Stefanie Gutheil | The Home of Mr. Peeps | Mike Weiss Gallery | NYC
February 1, 2016 (all images are courtesy of Mike Weiss Gallery, New York)

Is Mr. Rainbow dressed up for the opera? Is Mrs. Red Smiley contemplating her existence? In this exhibition by German artist Stefanie Gutheil titled The Home of Mr Peeps, Gutheil's inner eccentricities set the imaginatorium stage high. 

 

"With all their quirks and foibles in plain sight, the artist’s fantastical creatures appear to us as friends and intimates. In fact, it is precisely because of the alluring, almost childlike honesty inherent in the figures unabashed eccentricities that connection with the works is nearly inevitable. Yet there is more to these characters than their carnivalesque appearance; in each, Gutheil has instilled an emotional gravity that seems both personally derived and universally comprehensible." Press Release, Mike Weiss Gallery 

 

TUSSLE MAGAZINE: What processes do you go through when beginning a new painting?

 

Stefanie Gutheil: Each painting starts with an idea – either a character a room or a whole atmosphere. Maybe from a dream, or something I see in real life or on the Internet. It is more subconscious at first.  It stays there for a while, in the back of my mind. It’s not always so clear. Then it starts to grow and I just start painting.  I don’t do any preparatory drawings. I try at first to get as close to the idea in my head as possible, but it always changes.  That’s the best part. I’ll feel differently two weeks later, so painting changes.  Through the whole process, it’s constantly evolving.

 

TM: Have previous works and this body of work been an ongoing narrative? Is Each painting is it’s own narrative? (if so) How does each painting relate to the other?

 

SG: Both are true.  There are stories in each painting. But they are all views of my mind, if that makes sense. For example the portraits – I made them all next to each other and worked on them all at once.  Even though they’re on separate canvases, they could also be one big painting.   I used to put so much in one painting. I wanted to separate things for this show.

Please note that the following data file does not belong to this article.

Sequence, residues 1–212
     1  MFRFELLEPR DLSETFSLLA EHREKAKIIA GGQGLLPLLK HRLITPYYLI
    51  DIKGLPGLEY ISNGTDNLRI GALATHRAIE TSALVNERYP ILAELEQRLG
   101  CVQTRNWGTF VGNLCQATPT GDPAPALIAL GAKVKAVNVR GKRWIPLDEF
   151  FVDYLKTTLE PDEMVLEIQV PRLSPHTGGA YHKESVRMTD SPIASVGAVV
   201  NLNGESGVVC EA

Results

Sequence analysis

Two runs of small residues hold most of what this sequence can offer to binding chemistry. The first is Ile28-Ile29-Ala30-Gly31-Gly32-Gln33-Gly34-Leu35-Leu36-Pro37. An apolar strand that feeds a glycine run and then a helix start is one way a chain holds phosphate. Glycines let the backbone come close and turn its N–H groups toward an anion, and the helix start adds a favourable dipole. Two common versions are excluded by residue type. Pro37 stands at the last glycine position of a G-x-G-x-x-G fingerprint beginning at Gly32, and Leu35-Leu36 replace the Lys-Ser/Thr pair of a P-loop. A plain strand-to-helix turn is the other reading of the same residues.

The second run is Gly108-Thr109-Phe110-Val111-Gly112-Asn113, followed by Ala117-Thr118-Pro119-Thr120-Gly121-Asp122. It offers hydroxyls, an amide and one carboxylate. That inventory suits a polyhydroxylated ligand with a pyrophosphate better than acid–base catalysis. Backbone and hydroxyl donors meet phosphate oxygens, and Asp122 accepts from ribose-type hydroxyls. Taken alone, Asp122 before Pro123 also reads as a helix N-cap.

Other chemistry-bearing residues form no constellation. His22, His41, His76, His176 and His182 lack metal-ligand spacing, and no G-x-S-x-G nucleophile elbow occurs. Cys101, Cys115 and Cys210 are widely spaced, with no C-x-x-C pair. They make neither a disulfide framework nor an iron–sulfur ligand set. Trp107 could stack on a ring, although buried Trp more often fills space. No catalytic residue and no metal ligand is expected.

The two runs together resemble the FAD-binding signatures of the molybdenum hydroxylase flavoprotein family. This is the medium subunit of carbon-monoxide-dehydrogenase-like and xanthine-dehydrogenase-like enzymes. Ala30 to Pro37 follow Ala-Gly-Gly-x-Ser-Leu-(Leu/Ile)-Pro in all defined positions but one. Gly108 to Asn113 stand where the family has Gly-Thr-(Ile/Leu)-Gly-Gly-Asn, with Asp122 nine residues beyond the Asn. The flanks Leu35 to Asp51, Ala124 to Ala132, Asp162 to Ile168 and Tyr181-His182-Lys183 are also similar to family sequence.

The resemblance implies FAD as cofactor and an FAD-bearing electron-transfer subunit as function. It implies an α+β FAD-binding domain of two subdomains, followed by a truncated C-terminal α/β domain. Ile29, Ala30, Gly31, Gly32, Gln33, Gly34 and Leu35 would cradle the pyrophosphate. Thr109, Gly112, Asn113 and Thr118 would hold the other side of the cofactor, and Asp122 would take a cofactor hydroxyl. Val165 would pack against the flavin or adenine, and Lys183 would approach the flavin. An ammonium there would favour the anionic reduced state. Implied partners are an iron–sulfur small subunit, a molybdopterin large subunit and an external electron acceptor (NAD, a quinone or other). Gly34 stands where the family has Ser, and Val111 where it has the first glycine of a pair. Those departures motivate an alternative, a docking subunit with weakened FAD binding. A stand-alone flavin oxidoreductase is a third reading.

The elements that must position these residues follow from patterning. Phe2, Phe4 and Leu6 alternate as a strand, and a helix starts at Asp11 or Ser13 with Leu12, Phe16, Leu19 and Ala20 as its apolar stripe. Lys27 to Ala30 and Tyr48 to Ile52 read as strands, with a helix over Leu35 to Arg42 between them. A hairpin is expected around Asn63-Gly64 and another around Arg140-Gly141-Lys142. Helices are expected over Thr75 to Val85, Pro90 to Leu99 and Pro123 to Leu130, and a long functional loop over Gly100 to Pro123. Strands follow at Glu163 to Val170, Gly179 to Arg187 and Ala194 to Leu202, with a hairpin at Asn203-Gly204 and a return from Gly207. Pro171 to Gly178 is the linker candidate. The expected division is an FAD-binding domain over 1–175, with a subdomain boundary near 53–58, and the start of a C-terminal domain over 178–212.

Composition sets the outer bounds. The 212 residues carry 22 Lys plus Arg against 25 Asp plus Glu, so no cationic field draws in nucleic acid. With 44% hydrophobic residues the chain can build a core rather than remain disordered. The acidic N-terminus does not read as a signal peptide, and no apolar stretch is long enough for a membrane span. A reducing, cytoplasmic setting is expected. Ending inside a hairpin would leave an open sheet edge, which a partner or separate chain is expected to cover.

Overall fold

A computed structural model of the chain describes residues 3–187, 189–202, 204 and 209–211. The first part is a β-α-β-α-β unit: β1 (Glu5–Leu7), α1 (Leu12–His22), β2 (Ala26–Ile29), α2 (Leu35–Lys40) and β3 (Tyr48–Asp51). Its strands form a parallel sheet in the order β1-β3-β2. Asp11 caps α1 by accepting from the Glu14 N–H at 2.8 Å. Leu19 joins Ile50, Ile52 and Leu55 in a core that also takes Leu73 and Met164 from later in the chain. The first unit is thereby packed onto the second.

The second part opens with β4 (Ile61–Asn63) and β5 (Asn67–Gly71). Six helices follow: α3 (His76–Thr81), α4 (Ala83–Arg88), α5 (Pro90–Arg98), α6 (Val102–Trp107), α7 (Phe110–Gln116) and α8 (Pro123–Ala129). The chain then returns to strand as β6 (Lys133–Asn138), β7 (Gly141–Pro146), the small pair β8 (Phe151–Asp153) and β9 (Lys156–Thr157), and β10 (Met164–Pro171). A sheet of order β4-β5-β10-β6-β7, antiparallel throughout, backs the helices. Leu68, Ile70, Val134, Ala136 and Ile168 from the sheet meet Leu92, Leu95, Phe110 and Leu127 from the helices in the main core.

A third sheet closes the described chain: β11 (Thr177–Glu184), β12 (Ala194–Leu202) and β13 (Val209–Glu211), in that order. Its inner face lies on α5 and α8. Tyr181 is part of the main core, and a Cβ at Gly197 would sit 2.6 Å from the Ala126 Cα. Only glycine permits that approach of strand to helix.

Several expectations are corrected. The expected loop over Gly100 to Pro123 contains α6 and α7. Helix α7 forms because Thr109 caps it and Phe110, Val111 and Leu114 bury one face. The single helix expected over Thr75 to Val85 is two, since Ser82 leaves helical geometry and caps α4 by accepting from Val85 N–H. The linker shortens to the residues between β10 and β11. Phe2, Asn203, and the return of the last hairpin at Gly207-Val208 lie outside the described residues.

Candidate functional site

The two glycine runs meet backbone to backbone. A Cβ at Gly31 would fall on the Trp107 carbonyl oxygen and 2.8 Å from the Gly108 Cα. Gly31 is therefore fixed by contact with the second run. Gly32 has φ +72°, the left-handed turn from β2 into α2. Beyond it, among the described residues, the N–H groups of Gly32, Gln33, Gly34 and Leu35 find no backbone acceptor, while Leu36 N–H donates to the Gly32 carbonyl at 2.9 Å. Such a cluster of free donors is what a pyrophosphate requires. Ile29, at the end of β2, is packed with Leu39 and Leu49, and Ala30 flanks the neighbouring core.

All of my characters are freaks.  There is seriousness and humor in all of them. That being said, I try to break from uniformity, even though some characters or elements do repeat.  So I guess it’s really the lack sameness that ties all ties all the characters together.

 

TM: Will you expand on the title for this exhibition? Who is Mr Peeps to you?

 

SG: The Home of Mr. Peeps is my imagination.  There’s a painting in the show with the same title.  Mr. Peeps is figure with the crown and the beak. That’s me sitting in my studio.  

 

TM: Are we all homogeneous, without any opportunity to be original? Where are you viewing art with inhomogeneous content? By whom?

 

SG: Again I think both are true. On the one hand, people are individuals.  We all have our craziness and our own stories.  Humans in general are not perfect. But we also all share very similar problems, even across different cultures.  There are universal feelings.  Anywhere you go, there’s love, fear, happiness and sadness. So in that sense, I suppose we are homogenous.

 

TM: Neo Rauch has come up as a major influence for artists that we have been talking with recently. Do we see some influence in your work? What is your opinion? Who/what do you feel influences your work?

 

SG: I’m influenced and inspired from so many different artists.  I know the work of Neo Rauch and I like his later work – his color usage and the way he is able to create his own atmospheres. But it has a more indirect relationship to my art; it was more an inspiration, along with many other painters rather than an influence.

 

TM: As a society we all wear masks in our daily lives, do you agree? What mask(s) do you wear?

 

SG: I would say yeah, everyone wears a mask.  It depends on the situation – your job, the people you interact with.  Sometimes you have to wear more, sometimes less. In regard to my own mask(s), I don’t know what I wear.  I think it’s more difficult to see your own.  But I’m sure it’s always changing all the time.  Actually, maybe the smiley mask.  

 

TM: What is your favorite book?

 

SG: I don’t know my one favorite, but some that come to mind are Patti Smith’s, Just Kids, Jon Krakauer’s Into the Wild, Kafka’s Metamorphosis, Patrick Süsskind’s Das Parfüm.  I listen to a lot of audiobooks in my studio, while I paint.  The latest was some titles by Ken Folletts.

 

TM: What is your favorite exhibition that you have seen this year or in the last 6 months?

 

SG: I don’t go often to shows and I can’t remember any specific exhibition that I really liked last year. I’m sure there was something but nothing that stuck in my mind.  There is a museum I really like though: the Neues Museum in Berlin.  It was destroyed during the war and then totally forgotten for a long time.  They spent ten years renovating it and the building finally reopened in 2009.  It’s very elegant.  They found a way to respect the old parts of it – interweaving traces of its history with the modern parts.

 

Stefanie Gutheil lives and works in Berlin. Her work resides in public and private collections around the world, including the Taguchi Art Collection (Tokyo), the Hudson Valley Center for Contemporary Art (Peekskill, NY), and the Nerman Museum of Contemporary Art (Overland Park, KS), among many others.  The artist and her work have been written about in publications such as Blouin Artinfo, Hyperallergic, Art in America, and Modern Painters. Gutheil was recently exhibited in a solo show at Helsinki Contemporary in Finland and a group exhibition at the Matsumoto City Museum in Japan.